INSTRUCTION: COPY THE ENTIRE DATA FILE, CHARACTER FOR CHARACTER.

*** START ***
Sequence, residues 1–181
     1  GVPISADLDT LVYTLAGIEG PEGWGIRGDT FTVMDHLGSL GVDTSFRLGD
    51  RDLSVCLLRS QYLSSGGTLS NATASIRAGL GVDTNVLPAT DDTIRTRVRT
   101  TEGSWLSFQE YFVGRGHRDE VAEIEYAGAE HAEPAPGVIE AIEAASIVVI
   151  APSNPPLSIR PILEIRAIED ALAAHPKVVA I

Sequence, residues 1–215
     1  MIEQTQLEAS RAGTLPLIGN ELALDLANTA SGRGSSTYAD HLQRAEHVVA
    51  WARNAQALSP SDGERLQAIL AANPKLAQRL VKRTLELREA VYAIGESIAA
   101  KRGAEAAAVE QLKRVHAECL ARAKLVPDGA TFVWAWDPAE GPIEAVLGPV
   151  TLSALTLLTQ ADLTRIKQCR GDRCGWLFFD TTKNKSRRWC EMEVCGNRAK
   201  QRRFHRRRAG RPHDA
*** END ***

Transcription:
Sequence, residues 1–181
     1  GVPISADLDT LVYTLAGIEG PEGWGIRGDT FTVMDHLGSL GVDTSFRLGD
    51  RDLSVCLLRS QYLSSGGTLS NATASIRAGL GVDTNVLPAT DDTIRTRVRT
   101  TEGSWLSFQE YFVGRGHRDE VAEIEYAGAE HAEPAPGVIE AIEAASIVVI
   151  APSNPPLSIR PILEIRAIED ALAAHPKVVA I

Sequence, residues 1–215
     1  MIEQTQLEAS RAGTLPLIGN ELALDLANTA SGRGSSTYAD HLQRAEHVVA
    51  WARNAQALSP SDGERLQAIL AANPKLAQRL VKRTLELREA VYAIGESIAA
   101  KRGAEAAAVE QLKRVHAECL ARAKLVPDGA TFVWAWDPAE GPIEAVLGPV
   151  TLSALTLLTQ ADLTRIKQCR GDRCGWLFFD TTKNKSRRWC EMEVCGNRAK
   201  QRRFHRRRAG RPHDA